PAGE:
Cookies on Pinsent Masons website

This website uses cookies to allow us to see how the site is used. The cookies cannot identify you. If you continue to use this site we will assume that you are happy with this

If you want to use the sites without cookies or would like to know more, you can do that here.

EU takes tough stance on 'zero-rating' practices in new net neutrality guidelines

Internet service providers (ISPs) that set limits on the amount of data users can download when using their service will breach EU net neutrality rules if they allow users to access certain applications but not others once that data cap has been exceeded, according to new guidelines.31 Aug 2016

The Body of European Regulators of Electronic Communications (BEREC) has published finalised guidance to help telecoms regulators based across the EU enforce new net neutrality laws that came into force in the trading bloc earlier this year.

In its guidance, BEREC did not go as far as to ban 'zero-rating', the practice of omitting internet users' use of specific applications or categories of applications when applying caps on data use on internet access services (IAS). However, it confirmed some zero-rating practices would breach the new rules.

"A zero-rating offer where all applications are blocked (or slowed down) once the data cap is reached except for the zero-rated application(s) would infringe [the net neutrality rules]," BEREC's guidelines said.

"The ISP could either apply or offer zero-rating to an entire category of applications (e.g. all video or all music streaming applications) or only to certain applications thereof (e.g. its own services, one specific social media application, the most popular video or music applications). In the latter case, an end-user is not prevented from using other music applications. However, the zero price applied to the data traffic of the zero-rated music application (and the fact that the data traffic of the zero-rated music application does not count towards any data cap in place on the IAS) creates an economic incentive to use that music application instead of competing ones," it said.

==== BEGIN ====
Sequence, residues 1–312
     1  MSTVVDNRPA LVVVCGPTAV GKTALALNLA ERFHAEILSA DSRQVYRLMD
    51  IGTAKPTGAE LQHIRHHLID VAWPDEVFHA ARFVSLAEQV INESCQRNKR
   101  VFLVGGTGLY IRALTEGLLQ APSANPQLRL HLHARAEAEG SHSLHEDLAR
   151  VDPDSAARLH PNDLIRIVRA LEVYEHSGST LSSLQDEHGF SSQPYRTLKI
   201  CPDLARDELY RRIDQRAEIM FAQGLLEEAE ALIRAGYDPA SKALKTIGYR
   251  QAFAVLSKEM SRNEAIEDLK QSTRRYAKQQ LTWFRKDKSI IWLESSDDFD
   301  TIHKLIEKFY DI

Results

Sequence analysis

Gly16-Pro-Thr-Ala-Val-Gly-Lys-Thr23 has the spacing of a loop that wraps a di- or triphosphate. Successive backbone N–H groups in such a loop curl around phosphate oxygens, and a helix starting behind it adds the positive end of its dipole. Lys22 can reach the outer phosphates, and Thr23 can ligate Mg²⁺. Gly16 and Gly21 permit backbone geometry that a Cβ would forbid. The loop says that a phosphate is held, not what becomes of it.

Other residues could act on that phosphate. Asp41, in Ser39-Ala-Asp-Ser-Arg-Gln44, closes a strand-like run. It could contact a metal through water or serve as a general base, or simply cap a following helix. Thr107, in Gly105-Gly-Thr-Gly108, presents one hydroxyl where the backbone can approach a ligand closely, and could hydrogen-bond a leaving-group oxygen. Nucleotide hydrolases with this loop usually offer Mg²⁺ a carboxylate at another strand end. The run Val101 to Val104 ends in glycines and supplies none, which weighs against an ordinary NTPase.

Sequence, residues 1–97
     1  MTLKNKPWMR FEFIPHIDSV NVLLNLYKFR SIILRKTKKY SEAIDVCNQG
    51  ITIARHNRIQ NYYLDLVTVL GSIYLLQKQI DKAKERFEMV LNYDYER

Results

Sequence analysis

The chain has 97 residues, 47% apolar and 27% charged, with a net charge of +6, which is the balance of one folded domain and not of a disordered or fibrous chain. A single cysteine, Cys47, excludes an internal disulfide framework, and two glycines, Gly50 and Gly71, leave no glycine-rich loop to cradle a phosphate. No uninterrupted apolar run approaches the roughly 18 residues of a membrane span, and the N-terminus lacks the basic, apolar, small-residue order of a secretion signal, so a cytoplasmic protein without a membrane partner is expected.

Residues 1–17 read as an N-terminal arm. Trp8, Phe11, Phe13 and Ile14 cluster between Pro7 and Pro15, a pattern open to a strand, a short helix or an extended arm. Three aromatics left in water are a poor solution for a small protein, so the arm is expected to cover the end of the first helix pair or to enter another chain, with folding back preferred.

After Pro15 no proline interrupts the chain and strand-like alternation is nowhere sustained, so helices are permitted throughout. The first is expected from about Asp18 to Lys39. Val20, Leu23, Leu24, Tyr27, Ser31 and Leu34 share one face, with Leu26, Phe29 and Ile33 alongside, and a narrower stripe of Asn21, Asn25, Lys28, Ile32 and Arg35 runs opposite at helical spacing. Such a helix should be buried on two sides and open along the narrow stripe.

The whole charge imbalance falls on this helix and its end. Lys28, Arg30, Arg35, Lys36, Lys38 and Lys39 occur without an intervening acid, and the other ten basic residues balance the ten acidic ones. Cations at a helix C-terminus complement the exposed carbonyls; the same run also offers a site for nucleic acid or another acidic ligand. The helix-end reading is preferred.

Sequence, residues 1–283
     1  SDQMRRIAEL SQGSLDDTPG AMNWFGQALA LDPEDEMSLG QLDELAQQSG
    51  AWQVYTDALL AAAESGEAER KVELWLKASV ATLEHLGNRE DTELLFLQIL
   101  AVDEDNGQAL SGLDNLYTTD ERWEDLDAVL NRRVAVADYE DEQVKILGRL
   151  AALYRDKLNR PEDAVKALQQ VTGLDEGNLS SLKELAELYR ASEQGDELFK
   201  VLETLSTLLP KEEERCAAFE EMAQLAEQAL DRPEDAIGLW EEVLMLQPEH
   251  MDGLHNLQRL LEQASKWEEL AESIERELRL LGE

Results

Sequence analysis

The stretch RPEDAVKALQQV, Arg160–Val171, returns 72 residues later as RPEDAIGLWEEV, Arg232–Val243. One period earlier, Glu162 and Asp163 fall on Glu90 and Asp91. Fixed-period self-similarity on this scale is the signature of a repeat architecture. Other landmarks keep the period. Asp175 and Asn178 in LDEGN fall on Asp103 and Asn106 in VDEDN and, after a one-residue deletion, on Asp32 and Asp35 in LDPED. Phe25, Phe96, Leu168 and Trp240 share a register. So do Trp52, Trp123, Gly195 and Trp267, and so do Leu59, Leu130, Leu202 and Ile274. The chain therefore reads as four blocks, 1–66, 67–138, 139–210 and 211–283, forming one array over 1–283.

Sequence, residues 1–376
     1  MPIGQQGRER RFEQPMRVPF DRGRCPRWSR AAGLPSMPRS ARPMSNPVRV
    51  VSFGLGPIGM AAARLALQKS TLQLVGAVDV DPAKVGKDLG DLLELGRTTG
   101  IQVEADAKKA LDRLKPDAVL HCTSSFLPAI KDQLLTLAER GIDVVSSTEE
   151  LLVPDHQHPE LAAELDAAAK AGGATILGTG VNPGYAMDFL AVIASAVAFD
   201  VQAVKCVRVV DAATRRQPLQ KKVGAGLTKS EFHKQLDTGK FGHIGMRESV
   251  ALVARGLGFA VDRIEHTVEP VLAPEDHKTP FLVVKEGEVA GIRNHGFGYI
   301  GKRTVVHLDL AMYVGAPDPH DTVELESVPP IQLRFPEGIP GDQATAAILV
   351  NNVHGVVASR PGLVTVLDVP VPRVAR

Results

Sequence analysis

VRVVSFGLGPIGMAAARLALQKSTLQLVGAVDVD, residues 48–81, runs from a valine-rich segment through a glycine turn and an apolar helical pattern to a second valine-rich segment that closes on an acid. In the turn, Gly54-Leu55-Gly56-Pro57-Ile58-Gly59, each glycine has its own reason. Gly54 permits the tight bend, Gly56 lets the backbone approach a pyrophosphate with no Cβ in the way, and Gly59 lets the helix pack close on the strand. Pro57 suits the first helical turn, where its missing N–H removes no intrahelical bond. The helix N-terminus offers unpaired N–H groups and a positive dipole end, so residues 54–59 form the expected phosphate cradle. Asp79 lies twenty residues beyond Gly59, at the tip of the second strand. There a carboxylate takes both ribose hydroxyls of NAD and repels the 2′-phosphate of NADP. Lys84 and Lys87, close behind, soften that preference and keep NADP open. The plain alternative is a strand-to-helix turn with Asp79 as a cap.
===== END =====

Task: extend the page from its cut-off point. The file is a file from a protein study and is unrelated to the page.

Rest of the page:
"The effects of such a practice applied to a specific application are more likely to 'undermine the essence of the end-users’ rights' or lead to circumstances where 'end-users’ choice is materially reduced in practice' … than when it is applied to an entire category of applications," BEREC said.

Under the EU net neutrality laws that came into force in April, internet users have the right to "access and distribute information and content, use and provide applications and services, and use terminal equipment of their choice, irrespective of the end-user’s or provider’s location or the location, origin or destination of the information, content, application or service, via their internet access service". Internet service providers (ISPs) must "treat all traffic equally".

Notwithstanding those rights and requirements, however, the regulations permit ISPs to implement "reasonable traffic management measures" which are "transparent, non-discriminatory and proportionate", such as blocking or throttling the delivery of content requested by users of their network, for reasons such as preserving the integrity and security of the network or combatting network congestion.